SCHIAVO: Well, it's difficult only in terms of, you know, you're flying around a number of different jurisdictions. You're flying sometimes in difficult weather over the oceans, land masses, ocean currents can send up particularly sometimes troublesome different currents into the air from the water mass versus the land mass.

So it's difficult sometimes just flying throughout island areas and negotiating your way through different countries, flying from Indonesia to Singapore, but in this kind of modern airliner, no. Basically, a 320 can fly anywhere in the world and they fly at such altitudes it should not be difficult.

But if you have some sort of mechanical, ordinarily what would happen is you would declare emergency before you ask for a change of route or you would indicate difficulty before asking for a change of route. So the lack of any kind of information to air traffic control about why you need the different route is of concern. That causes me some concern.

SESAY: And Mary, you were part of our coverage with the missing Malaysian Airlines Flight 370 that disappeared back on March 8th. As part of that conversation we talked a great deal about aircraft's tracking devices, the voice, the data, and the satellite, all of those things. Talk to us about that and what will be happening right now in the crisis center.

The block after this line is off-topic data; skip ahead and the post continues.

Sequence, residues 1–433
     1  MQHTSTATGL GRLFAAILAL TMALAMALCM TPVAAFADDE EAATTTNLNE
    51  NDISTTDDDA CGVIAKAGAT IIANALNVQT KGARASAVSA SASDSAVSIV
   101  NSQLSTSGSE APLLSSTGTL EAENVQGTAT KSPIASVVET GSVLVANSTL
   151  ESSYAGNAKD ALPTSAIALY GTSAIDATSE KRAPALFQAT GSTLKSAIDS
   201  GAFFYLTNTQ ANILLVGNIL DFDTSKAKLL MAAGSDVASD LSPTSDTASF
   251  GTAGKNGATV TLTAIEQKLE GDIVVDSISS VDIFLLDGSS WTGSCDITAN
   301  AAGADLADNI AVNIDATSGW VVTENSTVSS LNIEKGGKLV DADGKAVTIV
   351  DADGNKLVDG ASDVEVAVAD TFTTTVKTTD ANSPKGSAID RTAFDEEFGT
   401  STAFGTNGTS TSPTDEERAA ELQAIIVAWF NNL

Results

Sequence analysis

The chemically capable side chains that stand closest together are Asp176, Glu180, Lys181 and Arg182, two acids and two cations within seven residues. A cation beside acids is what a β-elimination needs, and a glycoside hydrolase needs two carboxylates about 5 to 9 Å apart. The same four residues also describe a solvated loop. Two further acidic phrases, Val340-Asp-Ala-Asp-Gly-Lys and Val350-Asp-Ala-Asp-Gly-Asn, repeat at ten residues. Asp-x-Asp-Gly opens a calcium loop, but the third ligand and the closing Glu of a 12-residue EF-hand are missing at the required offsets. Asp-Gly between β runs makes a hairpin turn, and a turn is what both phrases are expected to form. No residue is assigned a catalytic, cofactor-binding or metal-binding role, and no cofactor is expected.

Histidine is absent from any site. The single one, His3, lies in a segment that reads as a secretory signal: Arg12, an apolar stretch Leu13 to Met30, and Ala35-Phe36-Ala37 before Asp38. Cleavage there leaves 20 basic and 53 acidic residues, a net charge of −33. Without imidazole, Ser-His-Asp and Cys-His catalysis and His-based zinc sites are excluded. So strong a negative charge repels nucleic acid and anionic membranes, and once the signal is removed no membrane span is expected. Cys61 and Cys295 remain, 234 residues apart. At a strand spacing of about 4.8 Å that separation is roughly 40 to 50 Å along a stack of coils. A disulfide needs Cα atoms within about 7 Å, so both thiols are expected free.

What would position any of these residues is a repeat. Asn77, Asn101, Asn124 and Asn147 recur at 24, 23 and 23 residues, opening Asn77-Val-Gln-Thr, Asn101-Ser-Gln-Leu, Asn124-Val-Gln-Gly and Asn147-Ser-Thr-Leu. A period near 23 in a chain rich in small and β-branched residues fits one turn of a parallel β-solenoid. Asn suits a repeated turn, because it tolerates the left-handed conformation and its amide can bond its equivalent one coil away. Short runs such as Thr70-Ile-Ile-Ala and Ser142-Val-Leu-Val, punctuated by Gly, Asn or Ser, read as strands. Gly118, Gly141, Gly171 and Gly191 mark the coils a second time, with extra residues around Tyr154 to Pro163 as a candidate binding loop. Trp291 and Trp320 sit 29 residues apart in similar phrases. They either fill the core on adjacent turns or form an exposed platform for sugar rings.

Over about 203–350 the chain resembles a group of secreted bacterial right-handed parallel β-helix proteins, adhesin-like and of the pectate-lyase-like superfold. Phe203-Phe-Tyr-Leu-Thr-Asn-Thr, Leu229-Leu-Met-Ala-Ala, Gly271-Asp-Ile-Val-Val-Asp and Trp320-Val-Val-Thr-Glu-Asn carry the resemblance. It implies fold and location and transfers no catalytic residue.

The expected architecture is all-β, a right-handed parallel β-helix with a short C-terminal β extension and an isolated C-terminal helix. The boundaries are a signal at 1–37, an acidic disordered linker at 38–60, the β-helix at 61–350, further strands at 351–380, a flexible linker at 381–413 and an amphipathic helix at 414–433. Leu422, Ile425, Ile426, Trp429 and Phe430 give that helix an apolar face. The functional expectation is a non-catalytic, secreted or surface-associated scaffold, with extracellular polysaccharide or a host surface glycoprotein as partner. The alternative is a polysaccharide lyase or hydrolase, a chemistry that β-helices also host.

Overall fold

SCHIAVO: Well, right now in the crisis center what they're doing is trying to look for those tracking devices. And they're going to have the same problem on this aircraft that they had with 370 in that the aircraft may not have any kind of satellite tracking.

Only about a third of the aircraft that are equipped with this ability of satellite tracking on the plane can actually do it. So what we don't know at this point, whether this aircraft had that kind of capability. But we do have the advantage right now to track it on radar.

SESAY: And the Airbus 320, give us a little back story to it, its safety record. This is a plane that works hard, works tirelessly, flies all over the world.